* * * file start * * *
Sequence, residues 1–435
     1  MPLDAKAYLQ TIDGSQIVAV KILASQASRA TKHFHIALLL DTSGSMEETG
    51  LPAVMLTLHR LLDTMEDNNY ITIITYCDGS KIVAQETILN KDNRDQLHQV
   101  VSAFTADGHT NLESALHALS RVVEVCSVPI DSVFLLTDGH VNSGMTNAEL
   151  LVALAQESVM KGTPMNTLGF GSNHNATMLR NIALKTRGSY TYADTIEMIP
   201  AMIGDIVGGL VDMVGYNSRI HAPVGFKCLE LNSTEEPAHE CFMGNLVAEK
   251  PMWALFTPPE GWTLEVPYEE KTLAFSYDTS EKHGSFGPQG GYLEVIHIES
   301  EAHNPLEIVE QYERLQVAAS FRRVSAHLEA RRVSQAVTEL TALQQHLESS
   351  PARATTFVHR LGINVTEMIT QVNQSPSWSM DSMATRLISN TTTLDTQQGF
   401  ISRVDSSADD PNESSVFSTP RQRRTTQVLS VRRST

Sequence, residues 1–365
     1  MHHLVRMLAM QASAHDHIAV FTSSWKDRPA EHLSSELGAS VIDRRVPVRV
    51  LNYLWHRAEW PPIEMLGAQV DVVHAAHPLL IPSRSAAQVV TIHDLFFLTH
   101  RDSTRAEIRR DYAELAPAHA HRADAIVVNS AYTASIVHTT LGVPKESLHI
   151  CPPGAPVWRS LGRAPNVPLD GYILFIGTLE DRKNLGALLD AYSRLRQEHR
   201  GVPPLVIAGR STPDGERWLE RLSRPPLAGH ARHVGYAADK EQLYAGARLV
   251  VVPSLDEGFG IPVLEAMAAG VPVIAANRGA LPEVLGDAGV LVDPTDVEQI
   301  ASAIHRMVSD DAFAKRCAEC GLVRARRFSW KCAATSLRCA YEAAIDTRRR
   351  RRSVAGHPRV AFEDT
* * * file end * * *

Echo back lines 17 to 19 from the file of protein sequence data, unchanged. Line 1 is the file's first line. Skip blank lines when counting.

   251  VVPSLDEGFG IPVLEAMAAG VPVIAANRGA LPEVLGDAGV LVDPTDVEQI
   301  ASAIHRMVSD DAFAKRCAEC GLVRARRFSW KCAATSLRCA YEAAIDTRRR
   351  RRSVAGHPRV AFEDT